TYPES OF INTELLIGENCE
As explained in the book, The Learning Revolution, by Gordon Dryden and Jeannette Vos,
“Each of us has a preferred learning style and a preferred working style. Some of us are mainly visual learners: we like to see pictures or diagrams. Others are auditory learners: we like to listen. Others are hepatic learners: we learn best by using our sense of touch (tactile learner) or by moving our bodies (kinesthetic learners).”
According to most parents, intelligence is ‘how well is my child performing at school’; however, this is far from true. According to developmental psychologist, Howard Gardner, intelligence is of eight different types.
The eight types of intelligence can be classified as:
- Linguistic/Verbal Intelligence: Developing reading, writing and speaking skills.
- Mathematical/Logical Intelligence: Developing the left side of the brain, enhancing the mathematical skills.
- Musical/Rhythmic Intelligence: Developing love for singing, music and rhythmic patterns.
- Spatial/Visual Intelligence: Perceiving space in three dimensions and directions.
- Body/Kinesthetic Intelligence: Developing the sense of physical movement, dancing and role playing.
- Interpersonal Intelligence: Developing the skills of leadership, person-to-person communication.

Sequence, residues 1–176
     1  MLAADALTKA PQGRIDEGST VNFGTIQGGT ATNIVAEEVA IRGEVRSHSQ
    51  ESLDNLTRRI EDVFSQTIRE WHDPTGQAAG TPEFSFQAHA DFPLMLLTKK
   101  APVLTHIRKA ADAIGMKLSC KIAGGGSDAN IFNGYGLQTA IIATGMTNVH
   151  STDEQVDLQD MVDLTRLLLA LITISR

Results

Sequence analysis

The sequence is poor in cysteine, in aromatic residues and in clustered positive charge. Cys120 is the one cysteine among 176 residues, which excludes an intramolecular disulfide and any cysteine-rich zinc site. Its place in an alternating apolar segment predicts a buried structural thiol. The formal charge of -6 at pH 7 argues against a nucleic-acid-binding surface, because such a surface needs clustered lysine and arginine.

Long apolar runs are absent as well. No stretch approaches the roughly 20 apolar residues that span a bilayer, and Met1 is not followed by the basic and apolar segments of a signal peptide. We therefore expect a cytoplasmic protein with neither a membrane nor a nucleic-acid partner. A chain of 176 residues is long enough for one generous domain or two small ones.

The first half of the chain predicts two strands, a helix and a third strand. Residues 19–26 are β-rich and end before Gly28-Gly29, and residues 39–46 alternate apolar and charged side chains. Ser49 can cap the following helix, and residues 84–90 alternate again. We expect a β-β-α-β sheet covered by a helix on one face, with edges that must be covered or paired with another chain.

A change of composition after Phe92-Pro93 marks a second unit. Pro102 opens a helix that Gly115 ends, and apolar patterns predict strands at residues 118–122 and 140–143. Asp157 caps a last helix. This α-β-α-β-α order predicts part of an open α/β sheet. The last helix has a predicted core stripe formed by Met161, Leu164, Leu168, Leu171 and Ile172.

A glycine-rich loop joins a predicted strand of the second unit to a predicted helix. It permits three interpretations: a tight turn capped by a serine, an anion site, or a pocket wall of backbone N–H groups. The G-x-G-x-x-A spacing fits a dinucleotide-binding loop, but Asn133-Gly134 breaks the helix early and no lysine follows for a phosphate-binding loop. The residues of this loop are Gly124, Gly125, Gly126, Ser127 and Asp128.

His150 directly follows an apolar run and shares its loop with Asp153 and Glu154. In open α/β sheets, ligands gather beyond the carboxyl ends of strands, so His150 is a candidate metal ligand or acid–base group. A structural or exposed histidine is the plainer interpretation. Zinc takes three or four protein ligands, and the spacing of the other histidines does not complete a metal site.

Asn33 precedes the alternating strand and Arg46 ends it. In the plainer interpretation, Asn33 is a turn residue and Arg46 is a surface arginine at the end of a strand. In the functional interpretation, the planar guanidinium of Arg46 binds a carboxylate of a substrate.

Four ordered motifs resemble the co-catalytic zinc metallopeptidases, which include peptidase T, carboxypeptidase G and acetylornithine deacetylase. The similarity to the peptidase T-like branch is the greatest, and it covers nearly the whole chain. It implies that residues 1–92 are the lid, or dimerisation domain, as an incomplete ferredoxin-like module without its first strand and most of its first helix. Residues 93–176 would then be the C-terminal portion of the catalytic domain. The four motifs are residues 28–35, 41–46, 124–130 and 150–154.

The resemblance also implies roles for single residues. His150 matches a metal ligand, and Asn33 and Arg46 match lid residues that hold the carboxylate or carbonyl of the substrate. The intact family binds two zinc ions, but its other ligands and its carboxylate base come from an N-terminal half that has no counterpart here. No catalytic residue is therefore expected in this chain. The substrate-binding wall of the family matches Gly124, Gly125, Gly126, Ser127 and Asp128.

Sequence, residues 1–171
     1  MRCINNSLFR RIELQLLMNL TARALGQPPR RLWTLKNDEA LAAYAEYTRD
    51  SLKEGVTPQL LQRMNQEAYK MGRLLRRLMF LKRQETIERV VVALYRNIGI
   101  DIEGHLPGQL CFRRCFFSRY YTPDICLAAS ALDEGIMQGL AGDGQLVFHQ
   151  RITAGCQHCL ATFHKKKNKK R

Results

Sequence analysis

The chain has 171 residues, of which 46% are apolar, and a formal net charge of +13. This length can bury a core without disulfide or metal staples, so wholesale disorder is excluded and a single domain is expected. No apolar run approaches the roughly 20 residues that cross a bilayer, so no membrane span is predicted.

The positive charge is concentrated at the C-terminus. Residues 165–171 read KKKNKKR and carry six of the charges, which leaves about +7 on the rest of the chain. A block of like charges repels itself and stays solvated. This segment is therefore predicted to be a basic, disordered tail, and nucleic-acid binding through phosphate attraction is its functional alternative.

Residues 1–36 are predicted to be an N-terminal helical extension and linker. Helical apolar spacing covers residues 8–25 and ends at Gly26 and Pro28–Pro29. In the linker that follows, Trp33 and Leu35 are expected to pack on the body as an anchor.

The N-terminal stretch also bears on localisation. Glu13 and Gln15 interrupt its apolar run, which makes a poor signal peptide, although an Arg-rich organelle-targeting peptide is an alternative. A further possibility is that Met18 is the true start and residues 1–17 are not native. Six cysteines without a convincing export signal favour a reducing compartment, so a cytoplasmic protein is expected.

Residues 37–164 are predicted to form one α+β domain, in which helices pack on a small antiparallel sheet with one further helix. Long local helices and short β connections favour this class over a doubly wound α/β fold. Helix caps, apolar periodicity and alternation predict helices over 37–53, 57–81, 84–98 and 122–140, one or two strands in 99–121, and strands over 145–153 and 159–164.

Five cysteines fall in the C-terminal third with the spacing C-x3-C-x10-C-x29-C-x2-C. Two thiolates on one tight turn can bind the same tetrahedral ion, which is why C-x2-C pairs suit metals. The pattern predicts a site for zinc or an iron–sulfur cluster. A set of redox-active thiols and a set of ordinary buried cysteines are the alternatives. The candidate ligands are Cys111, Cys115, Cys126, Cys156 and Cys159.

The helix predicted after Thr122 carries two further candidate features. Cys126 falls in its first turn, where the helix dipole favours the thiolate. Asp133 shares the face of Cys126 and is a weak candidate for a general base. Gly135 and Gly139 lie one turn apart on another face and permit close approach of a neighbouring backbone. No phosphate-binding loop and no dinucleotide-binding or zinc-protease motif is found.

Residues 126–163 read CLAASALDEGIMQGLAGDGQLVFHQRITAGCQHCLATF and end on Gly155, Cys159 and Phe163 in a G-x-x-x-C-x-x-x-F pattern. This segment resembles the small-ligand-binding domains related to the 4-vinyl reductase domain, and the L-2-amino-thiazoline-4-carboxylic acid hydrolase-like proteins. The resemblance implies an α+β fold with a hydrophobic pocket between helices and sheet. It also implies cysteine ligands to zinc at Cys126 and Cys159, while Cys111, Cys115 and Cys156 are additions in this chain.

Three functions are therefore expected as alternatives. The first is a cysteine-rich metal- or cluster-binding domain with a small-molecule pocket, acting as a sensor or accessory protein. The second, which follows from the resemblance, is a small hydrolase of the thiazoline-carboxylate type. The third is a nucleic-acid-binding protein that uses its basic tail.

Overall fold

- Naturalistic Intelligence: Developing love for nature, flora and fauna.
- Intrapersonal Intelligence: Developing self-esteem and self-awareness (spiritual).
We, as parents, should be aware and identify the type of intelligence that our child is blessed with and nurture our child’s growth in that direction. This way, we will be able to guide the child to attain his fullest potential with his natural aptitude.
It is actually a chain reaction: if you make the efforts to develop any particular intelligence to the maximum, the others too will develop substantially. Alternatively, you may work towards exposing the child to any concept through all the intelligences for better learning, understanding and memory.
I believe that any art form takes about 24 years to develop. Take the example of learning music.
- It takes about 6 years to develop just the taste for music.
- If the child learns for another 6 years, he will develop the passion for music.
- The next 6 years will go in understanding the subtler layers of music.
- Thereafter, from 19 to 24 years, that is, another 6 years will be needed to master the music.
So, a total of 24 years are required to master music. This goes for most art forms. Thus, if he is a master of music, he will develop tremendous intelligence to understand the subtler layers of the subject.
This ‘understanding’ would be applied to all acts of life, whether it is cooking, driving, studying, sweeping or playing sports. So if one type of intelligence is developed, it would be applied in all areas of life.
29% LEARNING TAKES PLACE FROM PICTURES.
34% LEARNING TAKES PLACE FROM SOUND/MUSIC.
37% LEARNING TAKES PLACE FROM MOVING, TOUCHING, DOING.
Courtesy : englishamateurs.blogspot.com